Preliminary Notes (So series)
The So series currently includes twenty-seven tablets, all of which are palm-leaf shaped. All of them were found in the Arsenal (L), except for tablets So 894 and So 1053, which were found in the NEP (I3) (Lejeune 1968, 33-37; Olivier 1967; Bernabé et alii 1990-1991; Bernabé 2016b, 511). This group of texts includes three sets, namely So, So(1) and So(2): So comprises 9 texts not yet assigned to a specific scribal hand, while So(1) and So(2) include documents written by the scribes H 129, H 130, H 131 and H 231, for a total of 18 texts (KT VI). Some tablets have been attributed to scribal hands, although with margins of uncertainty: So 4447 may have been written by H 129, while So(2) 4431 and So(2) 4443 by H 131.
With a few exceptions (So 894, So(1) 4436, So(2) 4446), the So series includes one-line tablets (So 4447, 5789, 8182, So(1) 4429, 4432, 4437, 4441, 4448, 4449, So(2) 4431, 4434, 4438–4439, 4445) or two-line tablets with no ruling (So 1053, 4435, 4487, 8251, 8561, So(1) 4430, 4440, So(2) 4433, 4442–4443).
The common element of the So series is the presence of the logogram *243 rota, which refers to a-mo (cf. Gr. *ἂρμο, /armo/, wheel); the neuter plural a-mo-ta is also attested in this series (DMic s.v.; Bernabé et alii 1990-1991; Bernabé 2008, 208-209; Bernabé 2016b).
The logogram rota may also be accompanied by the abbreviation ZE (cf. Gr. ζεῦγος, /dzeugos/, a “pair”) and, only in a few cases, by MO (cf. Gr. μόνος, /monwon/, “one”): this has suggested that the wheels were usually recorded in pairs but could also be counted individually if necessary (Docs2; Melena 1987b; Bernabé 2016b, 511).
The number of the wheels usually follows the logogram and the related abbreviations. More information may be provided by several adjectives. Among the most frequent notations is the type of wood used for manufacture, such as e-ri-ka, pte-re-wa or ki-da-pa – willow wood (cf. Gr. ἑλίκας), elm wood (cf. Gr. *πτελέϝας > πτελέας) and another unidentified type of timber; the specification of the wheel type is also very frequent, for example o-da-ke-we-ta and te-mi-dwe-ta are technical terms which were probably related to the type of spokes that completed the wheels with teeth or with “feet” respectively (cf. Gr. *ὀδατ-ϝεντ-ς and *τερμίδ-ϝεντ-ς); the Mycenaean form ka-ko-de-ta is attested in So 894 and is generally interpreted in the light of Greek χαλκόδετα, bound with bronze , that is with bronze clamps (< χαλκός, bronze, + δέω, to bind) (DMic s. vv.; Bernabé et alii 1990-1991; Bernabé 2008, 208-209; Bernabé 2016b).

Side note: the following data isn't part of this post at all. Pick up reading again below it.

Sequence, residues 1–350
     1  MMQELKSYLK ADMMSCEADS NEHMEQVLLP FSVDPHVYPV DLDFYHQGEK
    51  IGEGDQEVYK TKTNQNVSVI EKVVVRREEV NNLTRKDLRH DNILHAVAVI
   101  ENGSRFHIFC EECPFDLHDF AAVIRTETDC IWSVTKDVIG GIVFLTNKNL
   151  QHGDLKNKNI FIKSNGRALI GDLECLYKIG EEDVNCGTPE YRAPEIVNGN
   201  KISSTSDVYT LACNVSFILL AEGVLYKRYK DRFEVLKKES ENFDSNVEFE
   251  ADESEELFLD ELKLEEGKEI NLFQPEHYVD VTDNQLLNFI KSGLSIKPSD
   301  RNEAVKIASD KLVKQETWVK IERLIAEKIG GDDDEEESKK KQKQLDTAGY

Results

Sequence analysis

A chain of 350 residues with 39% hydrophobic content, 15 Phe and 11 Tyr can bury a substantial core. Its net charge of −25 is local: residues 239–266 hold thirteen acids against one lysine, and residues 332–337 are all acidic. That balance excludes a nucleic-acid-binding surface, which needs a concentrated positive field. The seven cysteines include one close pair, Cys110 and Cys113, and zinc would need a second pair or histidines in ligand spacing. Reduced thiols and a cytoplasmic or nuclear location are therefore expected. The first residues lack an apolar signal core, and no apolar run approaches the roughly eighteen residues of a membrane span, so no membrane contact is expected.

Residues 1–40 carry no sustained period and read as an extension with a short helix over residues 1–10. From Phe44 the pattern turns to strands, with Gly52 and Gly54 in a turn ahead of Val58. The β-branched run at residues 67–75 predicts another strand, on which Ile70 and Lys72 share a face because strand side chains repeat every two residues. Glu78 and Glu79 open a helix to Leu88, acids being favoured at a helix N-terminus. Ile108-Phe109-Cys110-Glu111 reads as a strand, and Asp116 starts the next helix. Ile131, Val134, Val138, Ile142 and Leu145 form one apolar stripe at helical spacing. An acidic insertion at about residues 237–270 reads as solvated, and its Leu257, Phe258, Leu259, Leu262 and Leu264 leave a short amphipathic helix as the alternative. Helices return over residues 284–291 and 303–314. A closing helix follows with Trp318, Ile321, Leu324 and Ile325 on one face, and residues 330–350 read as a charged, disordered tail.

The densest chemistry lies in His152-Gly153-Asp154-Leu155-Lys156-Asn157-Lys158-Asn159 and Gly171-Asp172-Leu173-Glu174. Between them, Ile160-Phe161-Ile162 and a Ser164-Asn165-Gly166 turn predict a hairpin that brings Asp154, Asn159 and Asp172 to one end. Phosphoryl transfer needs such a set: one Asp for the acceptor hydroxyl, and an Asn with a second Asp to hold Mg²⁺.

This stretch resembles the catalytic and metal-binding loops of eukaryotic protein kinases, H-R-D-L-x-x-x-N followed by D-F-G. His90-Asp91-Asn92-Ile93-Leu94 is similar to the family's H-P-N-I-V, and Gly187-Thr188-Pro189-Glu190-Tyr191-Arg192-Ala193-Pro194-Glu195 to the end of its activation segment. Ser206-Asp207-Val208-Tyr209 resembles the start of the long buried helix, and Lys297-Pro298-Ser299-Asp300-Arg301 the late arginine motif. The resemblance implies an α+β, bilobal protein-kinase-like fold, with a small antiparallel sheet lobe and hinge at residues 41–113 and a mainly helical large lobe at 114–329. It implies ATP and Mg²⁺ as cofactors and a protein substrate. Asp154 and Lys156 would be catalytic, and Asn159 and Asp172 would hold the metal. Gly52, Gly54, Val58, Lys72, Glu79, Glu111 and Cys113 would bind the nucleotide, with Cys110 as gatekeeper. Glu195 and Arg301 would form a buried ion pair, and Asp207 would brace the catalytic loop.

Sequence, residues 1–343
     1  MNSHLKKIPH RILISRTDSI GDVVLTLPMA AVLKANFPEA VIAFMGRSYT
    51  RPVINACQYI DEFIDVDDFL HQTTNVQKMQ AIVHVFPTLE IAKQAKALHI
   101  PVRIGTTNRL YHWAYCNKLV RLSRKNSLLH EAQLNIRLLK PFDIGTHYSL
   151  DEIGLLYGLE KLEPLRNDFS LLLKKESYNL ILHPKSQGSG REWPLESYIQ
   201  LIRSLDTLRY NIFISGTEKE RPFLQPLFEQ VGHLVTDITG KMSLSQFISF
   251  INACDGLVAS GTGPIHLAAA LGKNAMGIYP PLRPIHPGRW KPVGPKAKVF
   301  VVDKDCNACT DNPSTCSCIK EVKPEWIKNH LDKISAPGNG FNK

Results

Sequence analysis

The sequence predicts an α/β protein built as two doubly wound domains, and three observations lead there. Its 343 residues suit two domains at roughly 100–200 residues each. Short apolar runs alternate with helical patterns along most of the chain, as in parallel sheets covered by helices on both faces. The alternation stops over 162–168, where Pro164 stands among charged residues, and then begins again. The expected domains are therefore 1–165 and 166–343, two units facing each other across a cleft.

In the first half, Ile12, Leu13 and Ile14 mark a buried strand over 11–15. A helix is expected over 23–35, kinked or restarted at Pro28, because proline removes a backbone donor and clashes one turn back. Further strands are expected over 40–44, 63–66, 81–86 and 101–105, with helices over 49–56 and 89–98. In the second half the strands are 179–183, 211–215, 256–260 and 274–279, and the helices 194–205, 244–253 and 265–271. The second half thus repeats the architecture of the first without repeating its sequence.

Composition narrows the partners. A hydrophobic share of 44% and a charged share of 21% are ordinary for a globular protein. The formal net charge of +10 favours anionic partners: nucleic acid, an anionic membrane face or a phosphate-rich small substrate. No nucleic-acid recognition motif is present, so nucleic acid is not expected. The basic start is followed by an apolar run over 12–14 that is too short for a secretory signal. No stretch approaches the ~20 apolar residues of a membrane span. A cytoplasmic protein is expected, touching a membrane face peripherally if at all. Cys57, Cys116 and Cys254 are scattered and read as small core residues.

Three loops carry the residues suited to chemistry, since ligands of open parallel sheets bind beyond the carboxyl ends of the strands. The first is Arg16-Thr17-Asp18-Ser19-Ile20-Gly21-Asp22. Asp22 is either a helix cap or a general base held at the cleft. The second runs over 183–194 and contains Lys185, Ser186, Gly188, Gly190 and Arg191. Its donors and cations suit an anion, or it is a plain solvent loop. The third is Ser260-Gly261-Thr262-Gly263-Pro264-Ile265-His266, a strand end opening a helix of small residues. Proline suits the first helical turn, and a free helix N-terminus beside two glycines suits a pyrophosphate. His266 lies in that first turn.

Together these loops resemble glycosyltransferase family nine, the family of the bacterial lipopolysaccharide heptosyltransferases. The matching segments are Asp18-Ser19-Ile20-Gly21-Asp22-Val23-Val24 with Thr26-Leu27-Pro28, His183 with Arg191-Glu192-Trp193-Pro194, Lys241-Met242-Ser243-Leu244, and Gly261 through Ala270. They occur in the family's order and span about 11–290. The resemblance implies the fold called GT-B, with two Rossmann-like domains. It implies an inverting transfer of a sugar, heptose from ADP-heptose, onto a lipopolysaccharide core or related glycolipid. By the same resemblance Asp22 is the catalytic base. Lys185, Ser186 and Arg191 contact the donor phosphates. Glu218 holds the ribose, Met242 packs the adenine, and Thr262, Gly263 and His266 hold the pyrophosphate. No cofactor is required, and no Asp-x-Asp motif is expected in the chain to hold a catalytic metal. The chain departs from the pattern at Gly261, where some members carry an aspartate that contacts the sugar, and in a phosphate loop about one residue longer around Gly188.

The quality of the recorded artefact is often mentioned too (a-ro2-a, better, cf. Gr. *ἄρροhα; wa-ra-wi-ta, damaged, cf. Gr. *ϝραϝιστα, also interpreted as ‘wheels derived from a booty’) (see DMic s.vv.).
The So tablets may also provide indications concerning the administrative state of the wheels during the manufacturing process. In fact, some texts may specify whether the wheels have already been delivered (de-do-me-na, cf. Gr. *δεδομένα, delivered), if they are still being processed (wo-zo-me-na, cf. Gr. *ϝορζομένα), or if there are any shortages (o-pe-ro, cf. Gr. *ὄφειλω); others may also include references to the year of manufacture (ne-wa, pe-ru-si-nwa, i.e. new or of the past year, cf. Gr. *νέϝα > νέα and *περυσινϝα > περυσινός) and to the type of contract with the craftsmen in charge of the production. The forms o-pa and/or ta-ra-si-ja refer to the relationship between the Palace and the self-employed, the contract between the palace and dependent and/or semi-dependent employees which implied also the delivery of the raw materials necessary for the production (in this regard, see in particular DMic s. vv.; Aspects, 89-111; Melena 1983; Bernabé et alii 1990-1991, 167-168, 171; Nosch 1997-2000, 27-44; Nosch 2000; Killen 1999; 2001b, 161-180; Nosch 2006, 161-182; Bernabé 2008, 210-211; Sacconi 2008, 691-705).